Train delays, expensive hotels and piles of notes are a thing of the past for delegates joining JISC’s latest e-learning conference – because the whole programme takes place online.

Researchers, practitioners and managers with an interest in technology for learning are being encouraged to sign up now for the fourth online conference ‘Innovating E-Learning’ on 24 – 27 November 2009.

Delegates can interact in real-time sessions, watch presenters on video, meet other delegates in the virtual coffee shop, and comment on the conference using Twitter.

Conference organiser Sarah Knight said: “Innovating E-Learning gives people a chance to take a step back from their everyday work and look at technology from a different and innovative angle.

“Perhaps most importantly, JISC wants to provide a space for researchers and teachers to discuss the challenges facing their institutions with the keynote speakers and delegates from all over the world.”

Keynote speakers include Helen Beetham, the author and researcher who has played a leading role in the JISC e-learning programme, Dr Rhona Sharpe, principal lecturer at the Oxford centre for staff  and learning development at Oxford Brookes University, and Peter Bradwell, researcher at the think tank Demos.

They will explore topics ranging from the basic principles of using technology in education, to helping overseas learners and meeting the needs of employers.

Sarah added: “By sharing ideas and good practice universities and colleges can make sure that they stay up-to-date on new developments.”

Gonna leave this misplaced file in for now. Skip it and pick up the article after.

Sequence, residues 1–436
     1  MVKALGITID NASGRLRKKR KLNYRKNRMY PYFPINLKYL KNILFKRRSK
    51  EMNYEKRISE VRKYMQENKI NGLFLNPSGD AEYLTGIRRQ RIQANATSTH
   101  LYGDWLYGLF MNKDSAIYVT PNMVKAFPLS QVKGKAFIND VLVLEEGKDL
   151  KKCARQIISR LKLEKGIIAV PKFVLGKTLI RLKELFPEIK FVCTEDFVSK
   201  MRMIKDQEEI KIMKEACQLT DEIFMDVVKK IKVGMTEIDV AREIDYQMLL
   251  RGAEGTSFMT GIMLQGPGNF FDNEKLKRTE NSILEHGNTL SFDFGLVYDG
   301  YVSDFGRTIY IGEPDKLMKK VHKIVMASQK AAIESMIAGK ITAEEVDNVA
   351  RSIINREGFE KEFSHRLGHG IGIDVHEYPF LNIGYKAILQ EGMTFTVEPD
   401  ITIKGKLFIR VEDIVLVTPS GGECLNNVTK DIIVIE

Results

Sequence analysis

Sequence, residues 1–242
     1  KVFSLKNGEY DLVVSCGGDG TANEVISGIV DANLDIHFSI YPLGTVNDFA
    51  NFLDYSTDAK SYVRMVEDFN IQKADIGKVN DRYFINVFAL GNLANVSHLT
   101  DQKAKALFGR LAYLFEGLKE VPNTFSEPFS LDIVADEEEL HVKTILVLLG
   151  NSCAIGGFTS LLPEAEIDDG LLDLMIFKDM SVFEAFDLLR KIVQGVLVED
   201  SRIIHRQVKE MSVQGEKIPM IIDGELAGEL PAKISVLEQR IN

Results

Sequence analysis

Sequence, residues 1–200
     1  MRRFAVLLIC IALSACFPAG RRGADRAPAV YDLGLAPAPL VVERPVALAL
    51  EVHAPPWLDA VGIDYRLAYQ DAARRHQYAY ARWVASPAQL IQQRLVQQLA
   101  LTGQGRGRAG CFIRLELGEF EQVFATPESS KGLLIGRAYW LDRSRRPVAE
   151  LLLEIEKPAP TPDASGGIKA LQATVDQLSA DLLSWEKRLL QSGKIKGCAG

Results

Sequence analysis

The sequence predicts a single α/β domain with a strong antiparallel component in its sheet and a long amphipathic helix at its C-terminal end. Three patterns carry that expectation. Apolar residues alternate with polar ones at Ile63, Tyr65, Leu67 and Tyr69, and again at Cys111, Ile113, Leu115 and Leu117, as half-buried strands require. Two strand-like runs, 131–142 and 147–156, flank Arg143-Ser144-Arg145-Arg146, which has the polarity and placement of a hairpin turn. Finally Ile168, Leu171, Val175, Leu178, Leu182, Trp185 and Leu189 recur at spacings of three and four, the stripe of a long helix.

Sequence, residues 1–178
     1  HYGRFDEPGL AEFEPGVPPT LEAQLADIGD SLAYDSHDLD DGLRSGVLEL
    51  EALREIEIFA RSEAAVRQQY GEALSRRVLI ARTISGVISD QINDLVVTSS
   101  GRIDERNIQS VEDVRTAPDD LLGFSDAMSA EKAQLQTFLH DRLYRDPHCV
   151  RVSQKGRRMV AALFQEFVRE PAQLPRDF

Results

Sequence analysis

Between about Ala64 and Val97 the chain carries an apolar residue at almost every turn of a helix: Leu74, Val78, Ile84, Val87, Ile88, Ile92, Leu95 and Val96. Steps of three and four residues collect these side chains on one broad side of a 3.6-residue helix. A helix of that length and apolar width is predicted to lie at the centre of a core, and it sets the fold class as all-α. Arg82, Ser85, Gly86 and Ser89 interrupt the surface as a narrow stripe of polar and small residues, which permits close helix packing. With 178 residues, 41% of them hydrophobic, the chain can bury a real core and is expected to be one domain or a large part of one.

Four years from its inception, the online conference continues to receive positive feedback.

One delegate at last year’s event commented: “For me, it is the most wonderful experience to be able to sit back and listen to so many knowledgeable people chatting away in such an accessible way about things I care about. I normally follow a number of mailing lists, blogs and social spaces, but being here is like having all that up-to-date information condensed and available at my fingertips.”

To register and find out more, visit the conference website.

There are a few advantages of online conferences over traditional face to face conferences, feel free to add to them in the comments.

With an online conference it is feasible to go to all the presentations and workshops even if they are at the *same time*.

If you are a reflective person, then like me the question you actually want to ask the presenter is thought of as you travel home on the train, with an online conference you have a chance to reflect and ask that question.

You can attend a meeting at the same time as attending the conference.

You can teach a lesson at the same time as attending the conference.